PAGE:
It should come as no secret to readers of this blog that we’re in the midst of something of a water-use crisis. The average person is consuming an unsustainable quantity of freshwater, depleting reserves and potentially leading to the loss of essential ecologies (not to mention human ones). It’s important, therefore, that all of us do our bit around the home to save water where possible, but how?
Check out these water-saving ideas you’ll kick yourself for not thinking up sooner.
Eat Veggie Dinners A Couple Of Times A Week
The great thing with veggie food is that you can sneak it in all over the place. Wholemeal toast and peanut butter in the morning? Veggie. Hummus sandwiches for lunch? Veggie. Lentil lasagne for dinner? Veggie. It’s super simple.
But why is eating veggie so crucial for saving water? It turns out that animal agriculture requires a tremendous amount of freshwater. It’s not so much how much water the animals drink, although that isn’t trivial, but more the water that goes into the production of crops that animals eat. It’s better for the environment for people to eat those crops directly than to feed them to animals first and then eat the animals.
Get Rid Of Your Lawn
Keeping your lawn green is a big water hog. Americans use more water on their lawns each year that they do to quench their thirst. But what’s the alternative? Who wants to own a home surrounded by ugly, bland concrete or paving? Nobody.
The solution is artificial grass. Artificial grass looks practically the same as the real thing, but doesn’t require any water, never goes brown, and makes your lawn the envy of all the neighbours in the height of summer and the depths of winter. If you’re not sure you’re ready to take the plunge right away, you can get free artificial grass samples and test them out on your lawn. You might never need to use your lawnmower ever again.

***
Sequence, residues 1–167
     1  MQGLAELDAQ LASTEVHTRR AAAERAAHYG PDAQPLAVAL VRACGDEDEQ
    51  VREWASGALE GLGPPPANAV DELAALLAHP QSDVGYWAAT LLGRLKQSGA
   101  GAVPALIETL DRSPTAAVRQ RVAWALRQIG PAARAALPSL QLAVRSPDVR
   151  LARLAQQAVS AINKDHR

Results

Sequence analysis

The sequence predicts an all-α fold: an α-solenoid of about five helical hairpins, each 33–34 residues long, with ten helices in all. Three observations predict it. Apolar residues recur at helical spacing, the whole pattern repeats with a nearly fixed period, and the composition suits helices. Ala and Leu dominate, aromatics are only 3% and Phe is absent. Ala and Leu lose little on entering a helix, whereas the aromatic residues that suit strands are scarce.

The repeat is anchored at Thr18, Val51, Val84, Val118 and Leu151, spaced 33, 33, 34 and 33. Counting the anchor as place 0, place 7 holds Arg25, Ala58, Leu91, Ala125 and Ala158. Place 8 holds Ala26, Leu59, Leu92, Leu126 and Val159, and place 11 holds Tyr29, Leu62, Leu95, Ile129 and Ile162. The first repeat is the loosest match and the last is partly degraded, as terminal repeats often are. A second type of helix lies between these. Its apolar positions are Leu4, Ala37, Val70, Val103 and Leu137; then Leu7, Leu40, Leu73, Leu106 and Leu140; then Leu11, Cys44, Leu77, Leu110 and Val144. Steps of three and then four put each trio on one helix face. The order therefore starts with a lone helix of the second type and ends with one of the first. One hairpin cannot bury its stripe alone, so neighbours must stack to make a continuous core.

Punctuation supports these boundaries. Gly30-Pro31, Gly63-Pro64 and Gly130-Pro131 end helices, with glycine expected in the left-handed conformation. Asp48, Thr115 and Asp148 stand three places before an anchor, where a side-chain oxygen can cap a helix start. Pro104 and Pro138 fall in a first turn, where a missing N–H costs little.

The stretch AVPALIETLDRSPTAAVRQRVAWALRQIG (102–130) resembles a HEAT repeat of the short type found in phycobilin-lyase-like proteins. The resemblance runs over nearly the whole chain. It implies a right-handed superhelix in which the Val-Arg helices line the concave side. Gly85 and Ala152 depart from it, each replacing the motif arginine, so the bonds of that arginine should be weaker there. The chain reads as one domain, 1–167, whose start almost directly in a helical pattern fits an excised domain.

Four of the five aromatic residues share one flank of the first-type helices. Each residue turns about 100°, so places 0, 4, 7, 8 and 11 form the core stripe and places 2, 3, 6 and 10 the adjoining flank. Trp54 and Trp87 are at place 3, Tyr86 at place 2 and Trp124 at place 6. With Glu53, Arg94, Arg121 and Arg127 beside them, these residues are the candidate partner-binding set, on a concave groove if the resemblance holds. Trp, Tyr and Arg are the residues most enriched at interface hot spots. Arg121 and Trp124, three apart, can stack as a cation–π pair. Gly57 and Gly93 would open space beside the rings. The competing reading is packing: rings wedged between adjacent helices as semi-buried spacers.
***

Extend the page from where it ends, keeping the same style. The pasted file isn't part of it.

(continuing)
Use “Grey Water”
Grey water is a term given to water that isn’t safe to drink or use in cooking but is safe for practically everything else. For most homeowners, grey water means rainwater collected from the roof and stored in big tanks. If you hook this water supply up to your home, you can use it for all kinds of things, from flushing the toilets to providing showers, if you’re feeling brave. You can also use it to water your plants.
Use Low-Flow Toilets
According to the American Water Works Association, about 45 per cent of all household water gets flushed down the lavatory, literally. That’s a lot of water to use just to remove waste products from your dwelling. Low-flow toilets are lavatories that do just as good a job of ridding you of poop but at a fraction of the water usage.
Dual flushing toilets work well too: small flush for number ones, big flush for number twos.
So there you have it: water-saving ideas that will help you cut back on freshwater usage and help you and the family do your bit for the environment.
*this is a collaborative post*